How a quick new-home specialist certification course could boost your entire professional arsenal
Looking for the next big thing to add to your professional real estate agent tool belt? Build a new home niche by becoming a Certified New Home Co-Broker, a leading designation for real estate agents and brokers seeking to assist buyers with new construction.
While there are other tools and certifications out there, one of the best is this online new home specialist designation.
This three-hour online training will help you master new homes – and enable you to partner effectively with a builder’s on-site Sales Team and Online Sales Counselor to show and sell new homes.
The course and certification represent the life’s work of David Fletcher, a top broker and the founder of New Home Co-Broker Academy. Fletcher has been bringing agents and builders together to meet the needs of homebuyers for decades.
“Realtors and builders needed an affordable training system that both parties could understand and agree made sense,” Fletcher said.
“We named the course, How to Build a New Homes Niche, using wording real estate agents would understand,” Fletcher added. “We established the New Home Co-Broker Academy, a name homebuilders would understand.”
While Fletcher has devoted a lifetime to bringing real estate professionals and builders together, he acknowledges that timing is especially important now for both groups to work together to help homebuyers find the right home.
“Saleable resale inventory is projected to be in short supply for the foreseeable future,” Fletcher said. “Buyers today also feel comfortable with brand-new, never-lived-in new homes – many of which offer the latest technologies.”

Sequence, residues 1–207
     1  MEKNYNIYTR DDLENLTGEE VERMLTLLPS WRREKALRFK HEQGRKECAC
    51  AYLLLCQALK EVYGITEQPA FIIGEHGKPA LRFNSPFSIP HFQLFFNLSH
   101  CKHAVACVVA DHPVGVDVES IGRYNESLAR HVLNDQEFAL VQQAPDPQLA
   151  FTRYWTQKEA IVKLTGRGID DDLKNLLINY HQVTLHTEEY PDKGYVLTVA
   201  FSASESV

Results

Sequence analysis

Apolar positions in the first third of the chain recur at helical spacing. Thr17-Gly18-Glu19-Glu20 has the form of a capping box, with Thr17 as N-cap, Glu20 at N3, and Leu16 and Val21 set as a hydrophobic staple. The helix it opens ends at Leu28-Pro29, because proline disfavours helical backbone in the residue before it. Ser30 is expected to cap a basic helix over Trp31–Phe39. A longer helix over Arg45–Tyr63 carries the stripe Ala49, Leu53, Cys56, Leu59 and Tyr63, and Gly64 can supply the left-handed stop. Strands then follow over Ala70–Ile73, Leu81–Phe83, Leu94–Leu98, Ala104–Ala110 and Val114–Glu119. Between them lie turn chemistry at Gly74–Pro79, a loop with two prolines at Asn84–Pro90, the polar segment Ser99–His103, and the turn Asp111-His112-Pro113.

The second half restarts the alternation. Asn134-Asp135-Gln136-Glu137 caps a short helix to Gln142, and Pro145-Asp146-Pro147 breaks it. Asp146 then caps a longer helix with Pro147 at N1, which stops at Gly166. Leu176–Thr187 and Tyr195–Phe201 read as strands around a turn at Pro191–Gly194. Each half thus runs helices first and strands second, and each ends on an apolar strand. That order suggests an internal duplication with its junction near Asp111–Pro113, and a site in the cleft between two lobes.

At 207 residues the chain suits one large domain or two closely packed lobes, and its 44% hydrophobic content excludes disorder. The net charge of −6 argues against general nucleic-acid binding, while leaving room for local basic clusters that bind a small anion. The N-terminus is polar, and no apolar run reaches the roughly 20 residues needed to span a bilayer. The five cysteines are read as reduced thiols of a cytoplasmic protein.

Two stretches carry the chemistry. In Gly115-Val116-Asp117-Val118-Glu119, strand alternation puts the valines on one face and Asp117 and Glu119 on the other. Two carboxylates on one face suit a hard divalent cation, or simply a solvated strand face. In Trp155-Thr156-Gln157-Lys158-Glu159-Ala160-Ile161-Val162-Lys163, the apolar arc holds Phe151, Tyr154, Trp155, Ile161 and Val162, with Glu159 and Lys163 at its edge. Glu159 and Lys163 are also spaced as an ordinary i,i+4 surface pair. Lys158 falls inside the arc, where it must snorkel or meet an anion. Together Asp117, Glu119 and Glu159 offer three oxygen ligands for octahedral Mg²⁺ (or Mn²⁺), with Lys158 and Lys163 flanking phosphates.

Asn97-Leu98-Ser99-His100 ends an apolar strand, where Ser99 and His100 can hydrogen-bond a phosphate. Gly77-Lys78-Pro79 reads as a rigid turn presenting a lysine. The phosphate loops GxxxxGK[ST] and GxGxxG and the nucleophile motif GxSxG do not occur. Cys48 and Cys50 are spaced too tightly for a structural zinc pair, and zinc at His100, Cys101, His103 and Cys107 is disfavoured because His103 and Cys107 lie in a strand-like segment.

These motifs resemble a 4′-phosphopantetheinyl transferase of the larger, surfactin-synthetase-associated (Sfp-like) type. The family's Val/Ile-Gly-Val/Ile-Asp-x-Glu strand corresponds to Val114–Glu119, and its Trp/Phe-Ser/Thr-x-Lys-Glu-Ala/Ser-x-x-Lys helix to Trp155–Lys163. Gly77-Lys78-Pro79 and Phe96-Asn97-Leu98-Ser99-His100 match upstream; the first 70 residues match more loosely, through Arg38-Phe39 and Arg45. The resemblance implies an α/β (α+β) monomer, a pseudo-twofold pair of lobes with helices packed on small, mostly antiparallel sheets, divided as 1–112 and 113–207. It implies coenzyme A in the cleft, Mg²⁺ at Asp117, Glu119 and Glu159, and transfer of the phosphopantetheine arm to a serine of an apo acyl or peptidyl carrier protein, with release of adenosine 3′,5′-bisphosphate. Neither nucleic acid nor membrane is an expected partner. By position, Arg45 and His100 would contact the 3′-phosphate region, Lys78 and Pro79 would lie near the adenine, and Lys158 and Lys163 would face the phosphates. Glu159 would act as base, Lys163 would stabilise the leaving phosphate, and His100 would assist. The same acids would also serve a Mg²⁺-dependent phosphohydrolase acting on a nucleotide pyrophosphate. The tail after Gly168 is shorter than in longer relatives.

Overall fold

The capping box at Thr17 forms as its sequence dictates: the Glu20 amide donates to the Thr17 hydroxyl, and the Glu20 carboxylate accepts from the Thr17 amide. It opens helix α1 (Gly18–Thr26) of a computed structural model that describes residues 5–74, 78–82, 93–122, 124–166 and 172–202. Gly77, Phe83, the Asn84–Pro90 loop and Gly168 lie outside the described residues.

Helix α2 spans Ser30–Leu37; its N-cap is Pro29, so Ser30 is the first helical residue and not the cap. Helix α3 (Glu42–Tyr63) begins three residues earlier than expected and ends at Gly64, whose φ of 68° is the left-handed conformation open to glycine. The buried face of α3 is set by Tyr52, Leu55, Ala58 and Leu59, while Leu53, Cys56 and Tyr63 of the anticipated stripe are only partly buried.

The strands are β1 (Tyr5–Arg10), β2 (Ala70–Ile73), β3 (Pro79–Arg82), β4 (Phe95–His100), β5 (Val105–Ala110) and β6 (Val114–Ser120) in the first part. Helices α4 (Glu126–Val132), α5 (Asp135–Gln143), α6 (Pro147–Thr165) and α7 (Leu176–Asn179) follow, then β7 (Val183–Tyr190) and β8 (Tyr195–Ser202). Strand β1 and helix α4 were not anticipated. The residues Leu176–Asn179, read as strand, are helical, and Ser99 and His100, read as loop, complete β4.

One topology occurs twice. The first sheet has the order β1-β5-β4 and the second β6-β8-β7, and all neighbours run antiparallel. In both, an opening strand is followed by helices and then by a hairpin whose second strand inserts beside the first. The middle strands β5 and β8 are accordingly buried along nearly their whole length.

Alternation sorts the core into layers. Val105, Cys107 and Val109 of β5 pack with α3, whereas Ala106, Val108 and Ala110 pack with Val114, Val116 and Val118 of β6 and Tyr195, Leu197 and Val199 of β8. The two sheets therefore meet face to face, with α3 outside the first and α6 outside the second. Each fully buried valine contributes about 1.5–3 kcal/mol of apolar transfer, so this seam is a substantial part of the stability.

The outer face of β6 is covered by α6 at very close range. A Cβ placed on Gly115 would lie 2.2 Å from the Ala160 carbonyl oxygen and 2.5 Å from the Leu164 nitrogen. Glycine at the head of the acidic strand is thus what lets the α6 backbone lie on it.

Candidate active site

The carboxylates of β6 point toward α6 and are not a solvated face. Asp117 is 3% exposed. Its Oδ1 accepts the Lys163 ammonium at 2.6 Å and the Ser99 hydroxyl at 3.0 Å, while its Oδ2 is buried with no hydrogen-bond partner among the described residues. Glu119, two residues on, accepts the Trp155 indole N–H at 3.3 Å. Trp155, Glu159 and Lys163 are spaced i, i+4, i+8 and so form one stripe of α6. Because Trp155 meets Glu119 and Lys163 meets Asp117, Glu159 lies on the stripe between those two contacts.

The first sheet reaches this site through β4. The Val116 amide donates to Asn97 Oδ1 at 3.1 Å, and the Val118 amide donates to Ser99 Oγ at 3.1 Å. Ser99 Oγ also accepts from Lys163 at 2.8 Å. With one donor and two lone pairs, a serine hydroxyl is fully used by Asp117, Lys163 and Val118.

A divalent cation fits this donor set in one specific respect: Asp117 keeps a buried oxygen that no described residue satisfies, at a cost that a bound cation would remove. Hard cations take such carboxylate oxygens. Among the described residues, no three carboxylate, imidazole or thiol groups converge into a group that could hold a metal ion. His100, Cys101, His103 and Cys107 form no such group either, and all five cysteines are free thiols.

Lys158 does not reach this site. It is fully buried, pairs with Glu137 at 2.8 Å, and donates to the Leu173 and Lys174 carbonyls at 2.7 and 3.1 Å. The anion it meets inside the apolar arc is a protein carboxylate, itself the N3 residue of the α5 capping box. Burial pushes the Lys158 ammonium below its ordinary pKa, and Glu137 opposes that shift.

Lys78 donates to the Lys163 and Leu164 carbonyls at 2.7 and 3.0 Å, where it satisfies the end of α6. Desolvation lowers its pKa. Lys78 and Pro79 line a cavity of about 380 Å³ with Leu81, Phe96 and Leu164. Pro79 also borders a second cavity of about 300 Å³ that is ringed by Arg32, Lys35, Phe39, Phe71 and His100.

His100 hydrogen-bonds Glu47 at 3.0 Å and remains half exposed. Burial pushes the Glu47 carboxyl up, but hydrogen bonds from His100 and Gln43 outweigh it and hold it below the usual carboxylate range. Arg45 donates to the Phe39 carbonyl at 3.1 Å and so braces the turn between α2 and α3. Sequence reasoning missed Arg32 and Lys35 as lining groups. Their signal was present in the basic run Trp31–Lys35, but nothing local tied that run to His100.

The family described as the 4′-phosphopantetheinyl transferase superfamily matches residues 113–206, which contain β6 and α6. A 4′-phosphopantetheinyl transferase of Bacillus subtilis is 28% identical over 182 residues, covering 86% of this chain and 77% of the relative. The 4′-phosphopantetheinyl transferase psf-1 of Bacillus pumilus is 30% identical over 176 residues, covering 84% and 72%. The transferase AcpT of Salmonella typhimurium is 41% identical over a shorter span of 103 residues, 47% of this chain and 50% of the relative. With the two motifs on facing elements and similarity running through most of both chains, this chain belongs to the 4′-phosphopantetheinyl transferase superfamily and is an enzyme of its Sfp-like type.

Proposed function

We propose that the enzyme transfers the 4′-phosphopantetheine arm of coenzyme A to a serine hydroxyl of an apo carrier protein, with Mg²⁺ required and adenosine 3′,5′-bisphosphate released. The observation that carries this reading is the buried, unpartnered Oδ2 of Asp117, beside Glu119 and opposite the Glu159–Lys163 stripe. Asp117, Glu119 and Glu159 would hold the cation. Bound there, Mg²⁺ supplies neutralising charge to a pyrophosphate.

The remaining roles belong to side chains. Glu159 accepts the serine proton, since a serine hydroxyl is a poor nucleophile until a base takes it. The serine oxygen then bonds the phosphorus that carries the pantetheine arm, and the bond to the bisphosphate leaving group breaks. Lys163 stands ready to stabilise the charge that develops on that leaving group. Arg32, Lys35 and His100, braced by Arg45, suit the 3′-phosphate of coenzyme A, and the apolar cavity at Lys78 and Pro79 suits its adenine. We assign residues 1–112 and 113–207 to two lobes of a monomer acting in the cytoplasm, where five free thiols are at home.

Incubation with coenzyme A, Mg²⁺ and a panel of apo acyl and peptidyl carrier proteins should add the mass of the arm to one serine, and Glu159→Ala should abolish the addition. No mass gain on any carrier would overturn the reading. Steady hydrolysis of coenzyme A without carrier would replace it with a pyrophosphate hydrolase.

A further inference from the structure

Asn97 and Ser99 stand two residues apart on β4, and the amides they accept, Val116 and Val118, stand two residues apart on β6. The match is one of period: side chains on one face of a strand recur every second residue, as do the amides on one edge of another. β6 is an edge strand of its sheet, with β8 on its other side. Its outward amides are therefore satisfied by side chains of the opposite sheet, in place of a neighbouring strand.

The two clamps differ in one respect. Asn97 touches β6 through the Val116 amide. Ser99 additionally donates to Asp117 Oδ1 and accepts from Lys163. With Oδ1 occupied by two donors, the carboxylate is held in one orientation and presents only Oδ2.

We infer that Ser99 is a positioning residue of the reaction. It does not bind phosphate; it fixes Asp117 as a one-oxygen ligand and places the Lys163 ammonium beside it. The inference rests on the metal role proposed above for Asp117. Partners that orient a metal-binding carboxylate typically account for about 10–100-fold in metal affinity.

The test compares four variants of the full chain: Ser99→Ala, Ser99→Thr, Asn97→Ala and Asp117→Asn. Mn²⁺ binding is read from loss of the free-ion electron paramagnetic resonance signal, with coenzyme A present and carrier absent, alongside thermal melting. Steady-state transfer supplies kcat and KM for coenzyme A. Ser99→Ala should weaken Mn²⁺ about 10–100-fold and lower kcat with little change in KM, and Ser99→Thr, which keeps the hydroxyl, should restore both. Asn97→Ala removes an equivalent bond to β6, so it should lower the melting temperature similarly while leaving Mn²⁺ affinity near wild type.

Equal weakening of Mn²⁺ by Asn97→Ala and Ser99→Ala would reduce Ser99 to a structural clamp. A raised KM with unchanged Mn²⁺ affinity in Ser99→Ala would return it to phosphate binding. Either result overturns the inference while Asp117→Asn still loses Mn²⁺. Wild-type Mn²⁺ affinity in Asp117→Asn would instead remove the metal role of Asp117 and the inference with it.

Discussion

The three-hour online New Homes Niche course includes the NHCB designation. Agents in Florida can receive three hours of Continuing Education (CE) Credit, as well.
Key learnings from the training include:
- How to Use New Homes to Establish a Price Baseline for Each Buyer
- How to Find New Home Inventory
- How to Show New Homes with Confidence
- How to Team Up with a Builder’s Onsite Sales Consultant
- How to Find New Home Shoppers
It may sound like a lot of information to digest, but in the long run it’s certainly something worth looking into. Here’s why:
Benefits of New Home Co-Broker (NHCB) Certification
As a real estate professional, you know there are major differences when it comes to selling new homes versus selling resale. A new home specialist certification course lays those differences out for you.
“Realtors are learning that new homes represent three possible saleable solutions: pre-sales, partially built and move-in ready homes,” Fletcher said. ”This gives the agent an appealing option for many types of buyers.”
Recent graduates shared their thoughts on NHCB training and certification.
“I have sold resales for eight years. This course opened my eyes,” said Gladys Moyal, a New Home Certified Co-Broker with Sellstate Partners Realty in Fort Lauderdale, Fl.
“Within two days of completing this course, I sold a new D.R. Horton home,” Moyal added.
Training and designations also make you more marketable as a professional. As prospective clients are sifting through pages of real estate professionals, the more designations you have, the more appealing you will appear as an individual l – and the more confident you and your buyers will be in a home search.
“The agents who took this course are having such good results, we decided to require all recruits with one year or less experience to take this course,” said Alan Randel, Broker/CEO AmeriTeam Realty in Orlando, Fl.
Builders also see the value of NHCB training – and look forward to working with graduates.
According to Marie Lorimer, a Realtor® for Allen Tate Companies in Charlotte, NC and the former vice president of marketing at AV Homes, another major benefit is getting an inside look at the home construction process from beginning to end, which can be an intimidating thought for someone who only has resale experience.
“It defines the roles, it explains what you’re doing, the process to talk to the buyers and help them understand why certain things have to happen and what comes up during the building process,” says Derek Stabel, a sales associate with Niblock Homes in Charlotte, N.C.